Saurav Roy Choudhury, Liane Babes, Jennifer J. Rahn, Bo-Young Ahn, Kimberly-Ann R. Goring, Jennifer C. King, Arthur Lau, Björn Petri, Xiaoguang Hao, Andrew K. Chojnacki, Ajitha Thanabalasuriar, Erin F. McAvoy, Sébastien Tabariès, Christoph Schraeder, Kamala D. Patel, Peter M. Siegel, Karen A. Kopciuk, David C. Schriemer, Daniel A. Muruve, Margaret M. Kelly, Bryan G. Yipp, Paul Kubes, Stephen M. Robbins, Donna L. Senger
- Dipeptidase 1 (DPEP1) serves as a vascular adhesion molecule in lungs and liver
- DPEP1 acts as a physical adhesion receptor independent of its dipeptidase activity
- Targeting DPEP1 reduces mortality in murine models of sepsis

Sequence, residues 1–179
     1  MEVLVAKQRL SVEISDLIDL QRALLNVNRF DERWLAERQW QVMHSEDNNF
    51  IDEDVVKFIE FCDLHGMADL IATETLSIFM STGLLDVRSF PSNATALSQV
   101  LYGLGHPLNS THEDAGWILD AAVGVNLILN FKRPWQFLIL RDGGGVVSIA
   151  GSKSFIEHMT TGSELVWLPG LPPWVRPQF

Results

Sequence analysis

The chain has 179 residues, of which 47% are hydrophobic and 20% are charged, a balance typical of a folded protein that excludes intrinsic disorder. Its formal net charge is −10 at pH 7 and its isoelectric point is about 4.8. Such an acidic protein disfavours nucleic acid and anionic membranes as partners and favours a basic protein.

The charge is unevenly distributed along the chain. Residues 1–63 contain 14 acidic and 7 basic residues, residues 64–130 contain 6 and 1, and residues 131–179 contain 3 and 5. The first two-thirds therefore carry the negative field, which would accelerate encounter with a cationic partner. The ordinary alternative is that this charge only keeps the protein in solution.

A hallmark feature of inflammation is the orchestrated recruitment of neutrophils from the bloodstream into inflamed tissue. Although selectins and integrins mediate recruitment in many tissues, they have a minimal role in the lungs and liver. Exploiting an unbiased in vivo functional screen, we identified a lung and liver homing peptide that functionally abrogates neutrophil recruitment to these organs. Using biochemical, genetic, and confocal intravital imaging approaches, we identified dipeptidase-1 (DPEP1) as the target and established its role as a physical adhesion receptor for neutrophil sequestration independent of its enzymatic activity. Importantly, genetic ablation or functional peptide blocking of DPEP1 significantly reduced neutrophil recruitment to the lungs and liver and provided improved survival in models of endotoxemia. Our data establish DPEP1 as a major adhesion receptor on the lung and liver endothelium and identify a therapeutic target for neutrophil-driven inflammatory diseases of the lungs.